To promote quality online learning, administrators need effective practices to engage many faculty in establishing shared performance expectations. A moderation session is a synchronous meeting in which faculty discuss points of consensus and disagreement about their assessment of a student’s work. A facilitator works to identify the basis for faculty judgments and to articulate performance expectations shared by faculty.
After a moderation session: Thank faculty for participating in the moderation session and seek opportunities to recognize their service through inter-department and university communications. If the web conferencing environment saves poll results, inter-rater reliability statistics can be calculated and communicated to participants for monitoring the quality of outcome assessments over time.
Since 2007, moderation sessions have been conducted periodically with program faculty in support of direct assessments of learning outcomes in bachelor’s and master’s degree capstone courses. Aggregate faculty survey data findings from these sessions are described below. Faculty participants report moderation sessions to be a productive use of their time (>90%) and enthusiasm to participate in future sessions(>95%). Participants also reported that the sessions are most effective when several roles participate, especially subject matter experts, faculty leadership, curriculum specialists, course developers, and assessment specialists. Most participants reported one hour to be sufficient (76%), with the remaining participants preferring more time and no participant preferring less time.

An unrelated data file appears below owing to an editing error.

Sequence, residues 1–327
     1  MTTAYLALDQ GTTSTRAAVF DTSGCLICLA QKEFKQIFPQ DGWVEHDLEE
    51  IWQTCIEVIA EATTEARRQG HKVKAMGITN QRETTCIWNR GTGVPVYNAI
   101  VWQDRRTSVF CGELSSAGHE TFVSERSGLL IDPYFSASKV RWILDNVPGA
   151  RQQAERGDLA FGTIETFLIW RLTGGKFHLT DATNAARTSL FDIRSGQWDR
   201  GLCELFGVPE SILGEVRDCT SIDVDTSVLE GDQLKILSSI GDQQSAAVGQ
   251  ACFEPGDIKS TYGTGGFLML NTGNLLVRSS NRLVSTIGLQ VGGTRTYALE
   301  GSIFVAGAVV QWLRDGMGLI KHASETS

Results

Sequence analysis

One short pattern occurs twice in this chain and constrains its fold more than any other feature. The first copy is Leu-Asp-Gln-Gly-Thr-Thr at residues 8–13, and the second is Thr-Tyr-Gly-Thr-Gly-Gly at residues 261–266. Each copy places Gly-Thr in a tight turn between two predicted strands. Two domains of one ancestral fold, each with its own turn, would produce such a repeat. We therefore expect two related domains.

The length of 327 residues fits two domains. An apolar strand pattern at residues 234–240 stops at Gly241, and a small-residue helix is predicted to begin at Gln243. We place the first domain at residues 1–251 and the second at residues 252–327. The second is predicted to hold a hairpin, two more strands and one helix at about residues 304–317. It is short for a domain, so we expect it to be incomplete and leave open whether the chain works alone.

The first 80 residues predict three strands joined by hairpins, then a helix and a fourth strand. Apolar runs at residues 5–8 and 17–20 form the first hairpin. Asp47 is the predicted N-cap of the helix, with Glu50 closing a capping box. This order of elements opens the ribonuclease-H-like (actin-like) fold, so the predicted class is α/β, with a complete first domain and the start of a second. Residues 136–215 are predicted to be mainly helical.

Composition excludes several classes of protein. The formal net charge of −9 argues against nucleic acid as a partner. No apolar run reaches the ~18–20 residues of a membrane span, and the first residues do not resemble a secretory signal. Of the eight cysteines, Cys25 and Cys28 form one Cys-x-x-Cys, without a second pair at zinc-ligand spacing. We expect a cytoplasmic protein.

Moderation sessions are also a key step toward developing explicit models of student cognition for learning outcomes that could anchor future assessments and aid in interpreting assessment results (NRC, 2001). While few examples of these models exist in higher education, they promise efficiencies in the development of curriculum and instruction. Moderation sessions support the development of these models by promoting shared performance expectations amongst faculty. Once faculty have explicit and shared performance expectations for learning outcomes, they are better positioned to study and describe a detailed model of learning outcome demonstration and acquisition. In this way, moderation sessions support the Sloan quality pillar of scale by engaging many faculty in building a basis for future curricular and instructional decisions.
Moderation sessions are relatively inexpensive to conduct depending on the communication technologies available at your institution. Most institutions provide access to web-based conferencing tools that can be used to facilitate the collection of faculty assessment data, however such tools are not required. Assessment data could be collected from participants via email by a facilitator for aggregation and presentation. The moderation session itself could also be conducted using free web-based conference call technologies, such as Skype, and free online survey technologies. The indirect costs of having faculty and administrators participating in a moderation session (2-3 hours per participant) should also be considered.
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